However, there is a significant amount of complexity in the PI3K pathway, including crosstalk with other pathways and regulatory feedback loops, which activate PI3K signaling upon mTOR inhibition. This can seriously undermine the efficacy of mTOR inhibitors, and nearly all patients treated with these agents eventually relapse.

Next Generation: Targeting Multiple Pathway Nodes

An array of newer and more potent compounds has begun to enter clinical testing in recent years, with several reaching late-stage trials.

Pan-PI3K Inhibitors

With the aim of improving the pharmacologic potential of wortmannin and LY294002, pan-PI3K inhibitors were among the earliest agents to enter clinical trials. They are adenosine triphosphatase (ATP)-competitive inhibitors that target all of the p110 isoforms (Table 1).

The most advanced is Novartis’ BKM120, which has shown significant clinical activity, particularly in hormone receptor-positive breast cancer. Studies have demonstrated that PI3K inhibition can cause compensatory activation of the estrogen receptor in breast cancer patients; thus, the combination of hormone therapies and PI3K inhibitors is an area of significant research.

Table 1. PI3K Inhibitors in Clinical Development

Agent

Companya

Target

Development Stage/Tumor Type(s)

(NCT identifier)b

SAR245408 (XL147)

Sanofi

Pan-PI3K

Phase I solid tumors, lymphoma

(NCT01392924, NCT01943838)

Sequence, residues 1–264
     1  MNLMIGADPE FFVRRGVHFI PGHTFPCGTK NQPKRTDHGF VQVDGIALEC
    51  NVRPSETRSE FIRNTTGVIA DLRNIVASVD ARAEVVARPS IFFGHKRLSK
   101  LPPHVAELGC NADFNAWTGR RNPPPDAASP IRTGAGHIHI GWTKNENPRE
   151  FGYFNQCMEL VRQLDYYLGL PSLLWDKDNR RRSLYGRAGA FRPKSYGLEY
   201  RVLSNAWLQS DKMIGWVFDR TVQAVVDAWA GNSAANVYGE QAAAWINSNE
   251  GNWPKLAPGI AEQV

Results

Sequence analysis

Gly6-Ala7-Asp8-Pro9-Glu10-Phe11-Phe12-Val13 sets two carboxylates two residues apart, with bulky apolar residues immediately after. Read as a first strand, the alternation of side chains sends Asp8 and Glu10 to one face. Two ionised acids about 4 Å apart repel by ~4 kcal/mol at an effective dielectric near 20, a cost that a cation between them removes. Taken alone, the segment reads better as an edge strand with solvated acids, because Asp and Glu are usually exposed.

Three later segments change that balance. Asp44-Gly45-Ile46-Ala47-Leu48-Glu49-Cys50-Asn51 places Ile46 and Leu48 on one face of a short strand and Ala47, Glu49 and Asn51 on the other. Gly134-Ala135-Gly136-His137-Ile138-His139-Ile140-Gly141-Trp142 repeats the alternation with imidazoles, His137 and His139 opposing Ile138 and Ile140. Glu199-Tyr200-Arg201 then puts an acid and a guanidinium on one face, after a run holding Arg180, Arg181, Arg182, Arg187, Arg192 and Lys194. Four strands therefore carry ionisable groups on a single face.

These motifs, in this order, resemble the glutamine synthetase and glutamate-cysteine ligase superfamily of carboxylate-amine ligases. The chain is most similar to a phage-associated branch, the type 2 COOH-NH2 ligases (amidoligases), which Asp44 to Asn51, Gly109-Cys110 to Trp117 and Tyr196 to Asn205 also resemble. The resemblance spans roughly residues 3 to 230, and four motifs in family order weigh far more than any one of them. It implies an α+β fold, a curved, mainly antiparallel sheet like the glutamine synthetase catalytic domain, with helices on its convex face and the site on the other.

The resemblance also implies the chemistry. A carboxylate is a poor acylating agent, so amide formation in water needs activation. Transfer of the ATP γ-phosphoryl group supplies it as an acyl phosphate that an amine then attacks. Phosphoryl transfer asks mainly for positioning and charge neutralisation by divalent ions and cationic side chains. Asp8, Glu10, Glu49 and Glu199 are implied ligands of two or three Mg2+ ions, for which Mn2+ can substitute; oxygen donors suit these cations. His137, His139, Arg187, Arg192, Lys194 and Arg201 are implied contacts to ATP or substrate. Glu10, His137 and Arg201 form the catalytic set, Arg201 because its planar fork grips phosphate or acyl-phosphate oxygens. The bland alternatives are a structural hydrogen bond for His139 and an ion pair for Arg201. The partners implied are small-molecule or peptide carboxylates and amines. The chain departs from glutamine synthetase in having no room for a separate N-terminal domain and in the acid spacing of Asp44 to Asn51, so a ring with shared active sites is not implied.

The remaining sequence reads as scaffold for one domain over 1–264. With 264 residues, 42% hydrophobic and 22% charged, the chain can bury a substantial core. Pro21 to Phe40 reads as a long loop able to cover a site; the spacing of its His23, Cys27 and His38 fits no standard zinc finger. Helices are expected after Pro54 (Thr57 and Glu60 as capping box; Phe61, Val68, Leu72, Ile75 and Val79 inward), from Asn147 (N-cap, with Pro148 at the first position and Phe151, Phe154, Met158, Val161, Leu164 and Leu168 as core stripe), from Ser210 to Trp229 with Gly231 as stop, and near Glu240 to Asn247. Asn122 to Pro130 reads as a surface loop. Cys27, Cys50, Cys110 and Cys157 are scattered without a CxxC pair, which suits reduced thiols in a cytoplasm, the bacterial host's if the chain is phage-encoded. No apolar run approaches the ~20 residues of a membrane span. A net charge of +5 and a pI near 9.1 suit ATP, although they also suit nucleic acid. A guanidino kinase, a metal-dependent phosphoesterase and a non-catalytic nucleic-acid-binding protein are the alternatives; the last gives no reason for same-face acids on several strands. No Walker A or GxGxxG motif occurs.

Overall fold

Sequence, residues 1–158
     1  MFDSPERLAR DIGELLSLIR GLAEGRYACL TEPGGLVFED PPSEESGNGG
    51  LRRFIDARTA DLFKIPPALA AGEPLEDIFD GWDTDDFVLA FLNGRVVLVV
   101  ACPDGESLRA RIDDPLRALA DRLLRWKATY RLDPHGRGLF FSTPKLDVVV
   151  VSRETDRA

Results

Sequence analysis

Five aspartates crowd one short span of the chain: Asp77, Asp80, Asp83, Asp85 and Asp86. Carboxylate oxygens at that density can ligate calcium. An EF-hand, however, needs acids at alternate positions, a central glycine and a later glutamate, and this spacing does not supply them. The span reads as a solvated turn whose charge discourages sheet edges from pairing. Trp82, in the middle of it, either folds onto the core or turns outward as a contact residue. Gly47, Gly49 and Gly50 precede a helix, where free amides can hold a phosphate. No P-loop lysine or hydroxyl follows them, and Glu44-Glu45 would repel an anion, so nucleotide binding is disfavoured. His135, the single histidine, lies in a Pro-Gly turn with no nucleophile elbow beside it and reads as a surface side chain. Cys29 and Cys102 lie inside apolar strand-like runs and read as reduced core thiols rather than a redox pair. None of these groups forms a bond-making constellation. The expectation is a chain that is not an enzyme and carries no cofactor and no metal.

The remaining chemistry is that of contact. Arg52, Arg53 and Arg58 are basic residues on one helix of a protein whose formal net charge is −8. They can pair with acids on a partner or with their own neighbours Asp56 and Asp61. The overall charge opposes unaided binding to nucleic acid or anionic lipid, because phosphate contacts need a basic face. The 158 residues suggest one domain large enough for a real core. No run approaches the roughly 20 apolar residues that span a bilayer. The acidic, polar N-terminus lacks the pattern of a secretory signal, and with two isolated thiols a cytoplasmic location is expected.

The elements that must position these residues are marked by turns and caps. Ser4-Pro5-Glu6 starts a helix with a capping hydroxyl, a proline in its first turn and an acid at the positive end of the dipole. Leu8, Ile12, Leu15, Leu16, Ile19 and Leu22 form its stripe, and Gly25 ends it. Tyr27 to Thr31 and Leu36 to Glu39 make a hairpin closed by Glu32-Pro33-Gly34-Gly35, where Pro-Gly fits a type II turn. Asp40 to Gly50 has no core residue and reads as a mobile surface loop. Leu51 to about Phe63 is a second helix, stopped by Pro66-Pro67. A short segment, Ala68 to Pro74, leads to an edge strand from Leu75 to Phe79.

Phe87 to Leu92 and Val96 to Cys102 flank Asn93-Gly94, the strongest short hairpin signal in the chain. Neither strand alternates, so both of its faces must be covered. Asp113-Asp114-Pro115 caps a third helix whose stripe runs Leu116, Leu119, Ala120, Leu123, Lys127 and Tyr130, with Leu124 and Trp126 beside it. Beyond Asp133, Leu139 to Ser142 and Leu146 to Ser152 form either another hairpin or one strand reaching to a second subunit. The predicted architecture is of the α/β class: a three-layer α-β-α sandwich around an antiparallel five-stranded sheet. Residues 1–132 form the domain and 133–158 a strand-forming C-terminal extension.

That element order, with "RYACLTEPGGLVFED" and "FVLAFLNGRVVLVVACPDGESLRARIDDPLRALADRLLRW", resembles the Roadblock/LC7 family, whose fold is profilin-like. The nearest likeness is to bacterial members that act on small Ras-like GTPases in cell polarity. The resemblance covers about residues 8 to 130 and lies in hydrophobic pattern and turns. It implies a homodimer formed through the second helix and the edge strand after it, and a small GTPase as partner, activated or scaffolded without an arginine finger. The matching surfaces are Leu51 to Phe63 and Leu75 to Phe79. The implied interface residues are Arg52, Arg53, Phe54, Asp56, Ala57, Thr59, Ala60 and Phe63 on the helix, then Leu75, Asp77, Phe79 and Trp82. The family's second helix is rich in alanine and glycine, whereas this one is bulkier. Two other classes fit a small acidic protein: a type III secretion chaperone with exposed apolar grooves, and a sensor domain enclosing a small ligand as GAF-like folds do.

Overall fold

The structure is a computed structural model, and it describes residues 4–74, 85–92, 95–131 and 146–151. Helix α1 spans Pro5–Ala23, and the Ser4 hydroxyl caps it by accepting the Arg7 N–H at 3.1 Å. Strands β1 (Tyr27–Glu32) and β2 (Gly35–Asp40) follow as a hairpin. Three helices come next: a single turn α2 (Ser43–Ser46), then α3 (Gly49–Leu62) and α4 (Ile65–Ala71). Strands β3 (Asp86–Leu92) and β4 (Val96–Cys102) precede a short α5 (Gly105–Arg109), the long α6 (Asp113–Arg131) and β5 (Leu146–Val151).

PX-866

Oncothyreon

Irreversible pan-PI3K

Phase I/II glioblastoma, advanced melanoma, solid tumors

(NCT01616199, NCT01259869, NCT01204099)

BKM120

Novartis

Pan-PI3K

Phase III breast cancer; phase I/II NSCLC, melanoma, head and neck cancer, and others

(NCT01633060, NCT01297491, NCT01512251, NCT01816984)

GDC-0941

Genentech

Pan-PI3K

Phase I/II breast cancer, NSCLC, solid tumors

(NCT01918306, NCT01493843, NCT00996892)

BYL719

Novartis

PI3Kα

Phase I/II head and neck cancer, breast cancer, solid tumors

(NCT01602315, NCT01870505, NCT01928459)

GSK2636771

GlaxoSmithKline

PI3Kβ

Phase I advanced solid tumors

(NCT01458067)

BAY 80-6946

Bayer

Pan-PI3K

Phase I/II NHL, advanced cancer

(NCT01660451, NCT01460537)

GDC-0032

Genentech

PI3Kα

Phase I breast cancer

(NCT01296555, NCT01862081)

MLN1117 (INK1117)

Millennium Pharmaceuticals

PI3Kα

Phase I advanced cancer

(NCT01449370)

GS-1101 (idelalisib)

Gilead Sciences

PI3Kδ

Phase III NHL, CLL; phase I/II low-grade lymphoma

(NCT01732913, NCT01659021, NCT01306643)

ZSTK474

Zenyaku Kogyo Co, Ltd

Pan-PI3K

Phase I solid tumors

(NCT01280487)

SAR260301

Sanofi

PI3Kβ

Phase IB advanced cancer

(NCT01673737)

IPI-145

Infinity Pharmaceuticals

PI3Kδ/g

Phase II indolent NHL

(NCT01882803